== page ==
8 & 8a) Let's move to the all-important tech group. On the fundamental side, we question the contention made in some corners last week that anti-trust investigations will be positive for the group. Yes, it might be good over the long-term, but the "process" will not be a short one...so we're concerned about this issue over the short & intermediate-term. This is especially true given how so many key tech names made key "lower-highs" in April. If those are followed by "lower-lows", it will be Katie bar the door.
9) Gold is moving back on to many people's radar screens...and for good reason. It is testing it February highs, so a break above that level would be positive. However, as we've been saying for some time, it will take a rally above $1,380 (its highs from 2016) which would take it out of its multi-year sideways range. We must admit, however, that the yellow metal is getting over-bought on a near-term basis...so it could/should take a short-term "breather" soon. However, any meaningful break above $1,380 would confirm that the long-term trend in gold has changed to the upside.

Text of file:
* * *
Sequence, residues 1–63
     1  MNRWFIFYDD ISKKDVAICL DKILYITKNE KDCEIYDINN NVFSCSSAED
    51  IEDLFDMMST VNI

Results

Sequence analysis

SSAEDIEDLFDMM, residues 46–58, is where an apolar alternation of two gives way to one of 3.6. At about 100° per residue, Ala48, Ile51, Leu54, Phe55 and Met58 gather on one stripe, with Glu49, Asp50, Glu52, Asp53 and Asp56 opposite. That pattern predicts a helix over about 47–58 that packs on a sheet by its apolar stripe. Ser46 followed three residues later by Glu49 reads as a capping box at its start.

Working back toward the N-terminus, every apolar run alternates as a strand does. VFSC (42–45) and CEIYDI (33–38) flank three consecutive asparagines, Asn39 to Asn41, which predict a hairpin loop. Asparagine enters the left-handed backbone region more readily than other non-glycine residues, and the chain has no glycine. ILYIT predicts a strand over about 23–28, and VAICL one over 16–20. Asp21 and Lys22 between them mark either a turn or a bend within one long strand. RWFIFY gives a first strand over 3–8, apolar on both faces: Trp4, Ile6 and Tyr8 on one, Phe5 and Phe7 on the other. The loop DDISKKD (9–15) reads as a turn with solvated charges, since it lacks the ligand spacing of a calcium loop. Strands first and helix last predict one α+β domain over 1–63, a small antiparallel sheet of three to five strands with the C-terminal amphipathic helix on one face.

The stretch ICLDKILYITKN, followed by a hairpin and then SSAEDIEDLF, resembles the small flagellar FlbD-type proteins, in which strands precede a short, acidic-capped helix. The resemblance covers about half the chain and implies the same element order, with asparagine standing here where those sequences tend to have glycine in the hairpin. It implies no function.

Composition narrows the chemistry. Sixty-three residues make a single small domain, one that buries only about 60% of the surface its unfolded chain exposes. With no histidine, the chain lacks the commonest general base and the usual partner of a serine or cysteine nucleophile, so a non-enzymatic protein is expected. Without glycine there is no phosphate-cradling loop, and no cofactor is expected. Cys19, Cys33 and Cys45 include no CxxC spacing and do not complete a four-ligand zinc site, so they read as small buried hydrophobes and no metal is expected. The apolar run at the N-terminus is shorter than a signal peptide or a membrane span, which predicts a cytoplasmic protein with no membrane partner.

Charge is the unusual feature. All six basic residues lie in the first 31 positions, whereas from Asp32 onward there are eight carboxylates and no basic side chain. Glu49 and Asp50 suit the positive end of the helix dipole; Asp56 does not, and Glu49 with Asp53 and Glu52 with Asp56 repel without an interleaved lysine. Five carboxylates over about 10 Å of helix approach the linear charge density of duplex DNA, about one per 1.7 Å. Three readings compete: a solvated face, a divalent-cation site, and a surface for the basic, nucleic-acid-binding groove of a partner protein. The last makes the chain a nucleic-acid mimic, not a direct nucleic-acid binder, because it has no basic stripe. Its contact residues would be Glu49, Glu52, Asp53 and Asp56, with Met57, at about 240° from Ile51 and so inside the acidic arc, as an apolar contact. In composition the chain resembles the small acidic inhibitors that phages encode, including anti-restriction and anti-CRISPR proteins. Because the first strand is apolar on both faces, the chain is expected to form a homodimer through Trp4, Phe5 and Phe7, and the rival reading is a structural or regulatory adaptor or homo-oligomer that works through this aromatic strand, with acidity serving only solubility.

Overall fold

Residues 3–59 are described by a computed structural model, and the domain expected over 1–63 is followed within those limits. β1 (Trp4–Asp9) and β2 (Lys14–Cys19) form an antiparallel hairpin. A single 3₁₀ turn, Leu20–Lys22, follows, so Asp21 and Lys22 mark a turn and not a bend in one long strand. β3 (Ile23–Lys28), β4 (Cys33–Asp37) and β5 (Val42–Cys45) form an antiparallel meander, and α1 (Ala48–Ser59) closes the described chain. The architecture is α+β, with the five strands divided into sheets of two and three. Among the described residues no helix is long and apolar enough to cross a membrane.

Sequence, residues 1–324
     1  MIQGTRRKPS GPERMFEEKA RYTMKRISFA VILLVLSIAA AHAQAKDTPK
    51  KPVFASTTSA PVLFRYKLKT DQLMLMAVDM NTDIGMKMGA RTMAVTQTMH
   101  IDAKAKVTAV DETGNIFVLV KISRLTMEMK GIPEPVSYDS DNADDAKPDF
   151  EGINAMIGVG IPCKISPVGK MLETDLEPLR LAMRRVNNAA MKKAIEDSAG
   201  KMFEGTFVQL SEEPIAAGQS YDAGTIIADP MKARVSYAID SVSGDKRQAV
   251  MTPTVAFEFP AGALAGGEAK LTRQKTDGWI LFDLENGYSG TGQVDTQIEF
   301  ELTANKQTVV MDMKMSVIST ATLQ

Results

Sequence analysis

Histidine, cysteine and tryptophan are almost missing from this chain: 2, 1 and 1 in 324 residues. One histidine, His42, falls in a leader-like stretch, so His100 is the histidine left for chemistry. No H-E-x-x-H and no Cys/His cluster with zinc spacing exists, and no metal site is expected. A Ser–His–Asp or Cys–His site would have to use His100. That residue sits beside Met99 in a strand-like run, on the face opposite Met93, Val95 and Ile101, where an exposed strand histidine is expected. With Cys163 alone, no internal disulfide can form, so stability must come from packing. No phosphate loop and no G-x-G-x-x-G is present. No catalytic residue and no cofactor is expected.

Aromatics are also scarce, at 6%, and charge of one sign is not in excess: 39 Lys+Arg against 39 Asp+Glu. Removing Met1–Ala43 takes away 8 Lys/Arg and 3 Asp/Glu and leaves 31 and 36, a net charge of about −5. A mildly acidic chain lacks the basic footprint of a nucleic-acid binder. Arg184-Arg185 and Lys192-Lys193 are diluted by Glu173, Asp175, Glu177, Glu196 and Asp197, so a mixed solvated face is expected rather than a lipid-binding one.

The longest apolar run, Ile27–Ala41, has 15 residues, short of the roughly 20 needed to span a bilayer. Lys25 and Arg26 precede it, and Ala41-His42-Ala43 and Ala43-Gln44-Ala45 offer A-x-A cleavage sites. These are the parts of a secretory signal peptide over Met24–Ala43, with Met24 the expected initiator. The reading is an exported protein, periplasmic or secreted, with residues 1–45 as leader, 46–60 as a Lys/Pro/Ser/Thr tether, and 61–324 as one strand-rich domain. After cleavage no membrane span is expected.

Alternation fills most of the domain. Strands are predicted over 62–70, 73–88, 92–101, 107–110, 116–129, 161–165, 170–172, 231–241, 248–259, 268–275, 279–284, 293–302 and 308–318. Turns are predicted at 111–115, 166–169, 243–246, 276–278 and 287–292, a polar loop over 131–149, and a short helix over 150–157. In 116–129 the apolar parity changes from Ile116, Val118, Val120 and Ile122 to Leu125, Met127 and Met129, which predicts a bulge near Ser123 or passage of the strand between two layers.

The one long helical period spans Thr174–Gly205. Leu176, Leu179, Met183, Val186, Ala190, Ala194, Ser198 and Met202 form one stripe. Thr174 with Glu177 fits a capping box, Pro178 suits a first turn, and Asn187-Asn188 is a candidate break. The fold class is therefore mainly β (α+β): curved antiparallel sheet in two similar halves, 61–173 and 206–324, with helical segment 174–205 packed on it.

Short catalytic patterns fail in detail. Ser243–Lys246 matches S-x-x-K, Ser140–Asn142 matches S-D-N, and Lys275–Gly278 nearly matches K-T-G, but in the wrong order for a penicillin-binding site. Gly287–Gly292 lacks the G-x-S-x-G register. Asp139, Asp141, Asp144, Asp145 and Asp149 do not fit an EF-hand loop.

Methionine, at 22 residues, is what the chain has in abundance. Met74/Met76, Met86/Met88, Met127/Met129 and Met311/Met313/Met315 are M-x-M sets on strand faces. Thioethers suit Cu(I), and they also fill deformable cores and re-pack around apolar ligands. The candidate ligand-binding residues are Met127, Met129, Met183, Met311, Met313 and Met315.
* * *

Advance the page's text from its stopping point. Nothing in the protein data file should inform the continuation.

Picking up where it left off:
10) What about crude oil? Well, instead of talking about its fundamental picture, we think it's also important to consider its political picture. President Trump has a strong relationship with the Saudi Crown Prince (and he shielded him after the murder of Jamal Khashoggi). The Saudis don't have the same influence they once did on crude’s price, but they're still the key player. President Trump doesn't want prices that are too high, but he doesn't want them too low (think jobs).....On the technical side of things, WTI is testing its 200 week MA. A break below that level would be bearish near-term, but we question some of the more bearish recent calls on the black gold.